“Contracting is the only stream in the world where you price for a finished product before you actually manufacture it. All contractors are prone to mistakes. For example, we might get our estimation wrong on a project, but if that happens, then you could lose the bid. You don’t want to work on loss-making projects or engage in suicide bidding, because clients will only work with reputed contractors. Therefore, negotiation is crucial.
“When you have the luxury of margins, you don’t need to negotiate too much, but when margins are tight, you have to find common ground regarding contract terms,” he explains.
Krishna says these measures not only maintain Beaver Gulf’s coffers at a healthy and stable level, but also enhance the contractor’s reputation in the market.
“Relationship building is a must in any industry. People need to know you and the team behind you to trust you, but many projects are influenced by people sitting on higher levels.
“As a company, we believe if we’re sincere and honest in our operations, then nobody can stop [us] from competitively participating in tenders. But some relationships do matter out here [in the Middle East],” he says.
Krishna explains the dynamics of client-contractor relationships using Beaver Gulf’s experience on a bid it submitted for a Nakheel project in Dubai as an example.
“We were the lowest bidder in a public tender for Nakheel’s Palm Deira Night Souk. Despite our bid being the lowest, the third-lowest bid was awarded the project at a higher price, even though we complied with all technical and commercial requirements on the project.
“We know that Nakheel and the chosen contractor have worked together on previous projects. Somewhere during this association, the contractor might have earned more credentials from the employer. Of course, at the end of the day, it’s the client’s decision that matters, and we respect that. But we won’t stop bidding on other Nakheel projects, and will continue trying to work with them where possible.”
To achieve his ambitions for Beaver Gulf, Krishna is counting on the company’s extensive horizontal operations to accrue financial benefits in the years to come.
The firm boasts in-house mechanical, electrical, and plumbing (MEP), joinery, cladding, and interiors divisions, and its fleet consists of 200 units of vehicles, construction equipment and machinery, all of which it owns.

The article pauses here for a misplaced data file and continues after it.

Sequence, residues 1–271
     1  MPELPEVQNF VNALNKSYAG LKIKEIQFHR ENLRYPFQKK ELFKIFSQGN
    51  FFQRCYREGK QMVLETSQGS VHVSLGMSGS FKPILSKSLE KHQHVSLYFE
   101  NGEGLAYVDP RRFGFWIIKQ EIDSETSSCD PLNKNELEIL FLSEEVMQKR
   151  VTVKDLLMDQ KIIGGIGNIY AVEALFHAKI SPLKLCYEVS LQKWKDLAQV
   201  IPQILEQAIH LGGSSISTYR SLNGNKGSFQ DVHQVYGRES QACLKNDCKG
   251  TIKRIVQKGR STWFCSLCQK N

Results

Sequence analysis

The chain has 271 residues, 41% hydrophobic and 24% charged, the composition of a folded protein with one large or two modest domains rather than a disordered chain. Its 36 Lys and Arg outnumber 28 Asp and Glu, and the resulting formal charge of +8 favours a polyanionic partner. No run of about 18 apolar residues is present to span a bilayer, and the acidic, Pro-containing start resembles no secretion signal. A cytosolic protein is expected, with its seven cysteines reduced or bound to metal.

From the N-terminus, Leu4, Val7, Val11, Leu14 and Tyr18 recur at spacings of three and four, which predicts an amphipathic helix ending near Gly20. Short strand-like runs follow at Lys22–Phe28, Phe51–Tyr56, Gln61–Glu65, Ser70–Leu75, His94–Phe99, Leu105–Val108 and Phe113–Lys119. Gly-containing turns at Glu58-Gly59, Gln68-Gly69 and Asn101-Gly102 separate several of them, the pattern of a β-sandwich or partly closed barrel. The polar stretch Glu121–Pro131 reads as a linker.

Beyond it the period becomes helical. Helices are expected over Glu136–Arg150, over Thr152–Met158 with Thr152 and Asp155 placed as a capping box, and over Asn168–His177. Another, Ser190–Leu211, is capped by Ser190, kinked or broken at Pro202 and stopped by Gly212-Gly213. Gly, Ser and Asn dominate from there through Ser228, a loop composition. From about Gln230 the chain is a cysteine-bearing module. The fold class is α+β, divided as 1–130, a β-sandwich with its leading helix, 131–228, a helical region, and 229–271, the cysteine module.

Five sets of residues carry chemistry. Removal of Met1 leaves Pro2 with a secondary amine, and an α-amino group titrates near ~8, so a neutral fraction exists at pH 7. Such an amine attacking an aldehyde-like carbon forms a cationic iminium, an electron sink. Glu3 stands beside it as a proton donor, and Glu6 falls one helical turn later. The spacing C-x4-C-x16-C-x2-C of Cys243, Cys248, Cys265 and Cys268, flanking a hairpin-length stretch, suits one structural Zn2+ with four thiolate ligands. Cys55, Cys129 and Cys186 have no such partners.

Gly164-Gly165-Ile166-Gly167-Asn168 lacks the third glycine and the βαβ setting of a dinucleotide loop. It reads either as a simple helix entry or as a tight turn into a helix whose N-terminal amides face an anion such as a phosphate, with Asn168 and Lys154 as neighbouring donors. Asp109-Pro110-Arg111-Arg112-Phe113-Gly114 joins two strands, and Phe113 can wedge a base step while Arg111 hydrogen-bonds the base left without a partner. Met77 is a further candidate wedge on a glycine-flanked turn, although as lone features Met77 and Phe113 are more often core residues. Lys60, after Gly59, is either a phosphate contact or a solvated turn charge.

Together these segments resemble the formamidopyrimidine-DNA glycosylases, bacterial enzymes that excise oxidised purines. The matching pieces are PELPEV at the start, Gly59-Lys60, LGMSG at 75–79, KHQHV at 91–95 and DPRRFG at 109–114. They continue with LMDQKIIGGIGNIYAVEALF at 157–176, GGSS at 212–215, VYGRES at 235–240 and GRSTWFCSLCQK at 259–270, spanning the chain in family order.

Purchasing equipment, Krishna asserts, boosts the company’s credentials in the GCC’s competitive contracting market.
“Our strategy has been to own as many assets as possible, because that will reflect in the company’s balance sheet,” he explains.
“An asset adds value to your company. Rent, once paid, never comes back to you, but when you invest in machinery, it offers you paybacks in the long term,” Krishna continues, highlighting the high resale value of well-kept construction equipment.
Beaver Gulf’s own-and-operate model appears to be working. Besides its involvement with other Citymax facilities in various capacities, the company is now working on the Phase 1 of Dubai developer Nshama’s Town Square project.
“With Nshama, we’re over six months into the contract, and the project is on track. In fact, we’re looking at handing it over well ahead of the contractual date. Even the clients acknowledge our pace. Town Square’s Zahra community, comprising 320 villas, is due for handover in April 2017, and Hayat’s 730 units are due in September 2017.
“We’re two months ahead of schedule on both projects,” he explains.
All townhouses of the Town Square development are “completely precast”, Krishna adds, noting that the decision to dismiss in-situ concrete was a pointedly conscious one, aimed at improving quality.
“Precast is very good structurally and in terms of finishing. It is a bit costlier than in-situ, but when you have volumes, you can negotiate better terms with precast factories and can work almost on par with the traditional method – and with advantages of faster construction.
“As far as [Town Square] is concerned, no other contractor could offer Nshama the kind of delivery time and price we did. The volume of precast we prescribed helped us negotiate better terms and prices with our suppliers, which [we] passed on to the client.”
Beaver Gulf has already worked with government and large-scale private developers on projects such as Yas Mall’s Fun City and Geant supermarket, Geant’s outlet in Dubai’s Remraam community, and Ras Al Khaimah’s Al Naem Mall substation building. The company is also working on Citymax Hotels’ Ras Al Khaimah facility, and is looking to bid for works on its Barsha and Business Bay properties.
With Krishna at the helm of this project pipeline, the contracting firm looks ready to take the next step from ‘maturing’ to ‘mature’, and the chairman is confident that market factors will eventually ease this transition.
He concludes: “The market is expected to be slow till Q3 2017, so people need to be a bit patient and work harder on their projects, be it in terms of securing contracts, procurement work, or payment collections.
“Competition is high these days and things won’t come easy, but the situation will improve.”